- Various dollar limitations apply to each benefit.
- Qualifying rules and guidelines must be followed for various types of benefits.
- The bottom line is that there are limitations and qualifications that must be considered for each type of benefit!
- Common exclusions from income include payments for:
Health insurance premiums for employees and their spouses or children (under age 27 at the end of the tax year)
Contributions to Health Savings Accounts (HSAs) or Archer Medical Savings Accounts (MSAs)
- Can apply to current employees, retired employees, certain former employees and widows or widowers among others.
- Employers generally may make pre-tax contributions to retirement plans for employees.
- Employee contributions to traditional retirement plans may be excluded from income.
- Employee contributions to Roth retirement plans not excluded from income but grow tax-free.
FLEXIBLE SPENDING ARRANGEMENTS
- Employees may use tax-free funds to pay for qualified health care and/or dependent care expenses.
- Employee contributions may be excluded from taxable income.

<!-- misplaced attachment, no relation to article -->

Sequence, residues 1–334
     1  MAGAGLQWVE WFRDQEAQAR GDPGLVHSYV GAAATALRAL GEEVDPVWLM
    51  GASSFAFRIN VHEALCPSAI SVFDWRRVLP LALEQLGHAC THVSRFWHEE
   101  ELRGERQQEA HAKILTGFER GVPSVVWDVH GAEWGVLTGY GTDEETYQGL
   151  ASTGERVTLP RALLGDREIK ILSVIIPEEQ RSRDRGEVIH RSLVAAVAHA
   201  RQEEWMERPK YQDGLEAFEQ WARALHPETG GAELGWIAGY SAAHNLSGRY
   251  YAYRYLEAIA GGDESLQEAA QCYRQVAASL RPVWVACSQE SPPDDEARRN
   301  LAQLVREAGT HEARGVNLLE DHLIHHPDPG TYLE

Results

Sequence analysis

- Use it or lose it!
Plans may offer a 2½ month grace period for qualified expenses.
Plans may alternatively allow a maximum of $500 to be used in the following year.
- Employer payments for the first $50,000 of group-term life insurance coverage are excluded from income.
- Coverage above $50,000 is taxable, but is generally still quite affordable.
OTHER FRINGE BENEFITS
- Too many to list all! However, many common benefits are listed below.
- Adoption assistance
- Achievement awards
- Athletic facilities
- De minimis benefits
- Dependent care benefits
- Educational assistance
- Employee discounts
- Moving expenses
- Parking and transportation
- Working condition fringes
Courtesy: Christopher Harper, CPA, MBA
Seidman College of Business/Hungerford Nichols